How much does life insurance cost?

Life insurance can give you and your family financial peace of mind if something were to happen to you. If you’re thinking about buying life insurance, one important factor to consider is its cost.

What does life insurance cost?

The cost of life insurance depends on a variety of factors that can include your age, your gender and whether or not you smoke. Typically, males will pay more for life insurance than females. For example, according to Canstar’s research, a non-smoking woman in her 30s would pay about $35.39 per month on average for a direct life insurance policy with a benefit of $500,000. In comparison, a non-smoking man in his 30s would pay approximately 30% more ($45.99 a month on average) for the same amount of cover, based on the policies considered in our latest Star Ratings.

To give you an idea of life insurance costs for men and women of different age groups and smoking statuses, Canstar has calculated the average monthly premiums across the life insurance providers we rate.

Average monthly direct life insurance premiums

$500,000 sum insured
Age Female Male
Non smoker Smoker Non smoker Smoker
Twenties $32.70 $52.57 $48.37 $77.62
Thirties $35.39 $59.23 $45.99 $84.38
Forties $63.57 $117.92 $79.36 $164.43
Early fifties $122.59 $224.96 $163.89 $332.42
Late fifties $203.85 $356.18 $301.61 $582.41

Source: www.canstar.com.au. Prepared on 14/12/2020. Based on quotes obtained for Canstar’s 2020 Direct Life Insurance Star Ratings (June 2020).

A recent survey by insurance provider NobleOak found that cost is the most significant factor for Australians buying life insurance. Of the 1,000 respondents, 79.5% said the cost of the premium was one of the most important factors. This was ahead of product features (58.5%), claims reputation (58.3%) and service levels (30.8%).

However, it’s important to note that price isn’t everything. If you do decide to take out life insurance, you might also like to consider the type of life insurance available (for example, whether you bundle your life cover with TPD, trauma or income protection cover), the level of cover, and whether any exclusions apply.

If it looks like you may be paying too much for your life insurance, or you think you’re not getting enough coverage for your premiums, it may be time to shop around.

Canstar’s Direct Life Insurance Star Ratings compare both the cost and features of the direct life insurance products in our database. By choosing a 5-Star rated product, you may be able to shave money off your monthly life insurance premium. For example, according to Canstar’s research, a non-smoking female in her 40s could save $28.47 a month on average by choosing a 5-Star rated life insurance policy, compared to a non-5-Star rated policy.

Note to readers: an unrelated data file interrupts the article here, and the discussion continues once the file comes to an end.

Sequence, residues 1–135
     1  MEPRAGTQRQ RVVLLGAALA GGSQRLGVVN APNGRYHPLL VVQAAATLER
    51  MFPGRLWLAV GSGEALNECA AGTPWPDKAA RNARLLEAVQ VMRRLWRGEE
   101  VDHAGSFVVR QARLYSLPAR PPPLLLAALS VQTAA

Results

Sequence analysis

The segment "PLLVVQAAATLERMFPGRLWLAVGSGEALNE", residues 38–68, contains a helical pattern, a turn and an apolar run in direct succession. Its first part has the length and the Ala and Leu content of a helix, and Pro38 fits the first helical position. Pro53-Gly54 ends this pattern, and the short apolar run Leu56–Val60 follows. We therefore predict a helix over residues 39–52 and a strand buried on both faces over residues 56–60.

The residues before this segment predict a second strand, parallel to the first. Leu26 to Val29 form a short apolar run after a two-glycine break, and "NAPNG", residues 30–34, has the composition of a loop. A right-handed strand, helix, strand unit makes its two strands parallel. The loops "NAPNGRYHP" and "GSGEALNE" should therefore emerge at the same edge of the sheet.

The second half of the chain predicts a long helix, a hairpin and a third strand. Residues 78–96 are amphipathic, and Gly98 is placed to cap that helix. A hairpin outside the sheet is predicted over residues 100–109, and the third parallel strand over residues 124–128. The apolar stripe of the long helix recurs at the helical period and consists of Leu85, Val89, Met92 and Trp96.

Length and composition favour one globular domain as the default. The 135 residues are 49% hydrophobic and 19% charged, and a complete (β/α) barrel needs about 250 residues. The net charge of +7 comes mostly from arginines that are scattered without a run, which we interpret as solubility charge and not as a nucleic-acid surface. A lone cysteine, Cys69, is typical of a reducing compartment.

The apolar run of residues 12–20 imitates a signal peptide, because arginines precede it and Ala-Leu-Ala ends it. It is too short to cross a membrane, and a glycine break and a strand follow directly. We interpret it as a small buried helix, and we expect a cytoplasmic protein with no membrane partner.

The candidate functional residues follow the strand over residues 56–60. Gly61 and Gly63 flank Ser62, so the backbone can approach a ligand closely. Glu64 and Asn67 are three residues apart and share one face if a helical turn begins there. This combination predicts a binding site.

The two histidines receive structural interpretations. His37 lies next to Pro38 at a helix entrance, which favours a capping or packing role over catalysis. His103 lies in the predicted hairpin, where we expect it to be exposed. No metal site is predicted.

If you’re comparing life insurance policies, the comparison table below displays some of the policies currently available on Canstar’s database for a 30-39 year old non-smoking male working in a professional occupation. Please note the table is sorted by Star Rating (highest to lowest) followed by provider name (alphabetical) and features links direct to the providers’ websites. Use Canstar’s life insurance comparison selector to view a wider range of policies.

What factors can affect life insurance premiums?

The cost of life insurance typically depends on a range of factors, which can include:

  • Your age
  • Your gender
  • Your smoking status
  • Your current health and medical history
  • Your occupation and any associated risks
  • Your personal pastimes and hobbies
  • How you purchase your cover (e.g. directly from an insurer, via a financial adviser or as part of your superannuation)
  • The type of cover you get. For example, if you bundle life cover with TPD, trauma cover or income protection.
  • The amount of cover you take out. You might like to use Canstar’s Life Insurance Calculator to get an estimate of how much cover you may need.

Your insurer may give you the option of choosing between stepped or level premiums. Stepped premiums increase each year as you age and become statistically more likely to make a claim, while level premiums stay the same over time but may be more expensive to take out initially.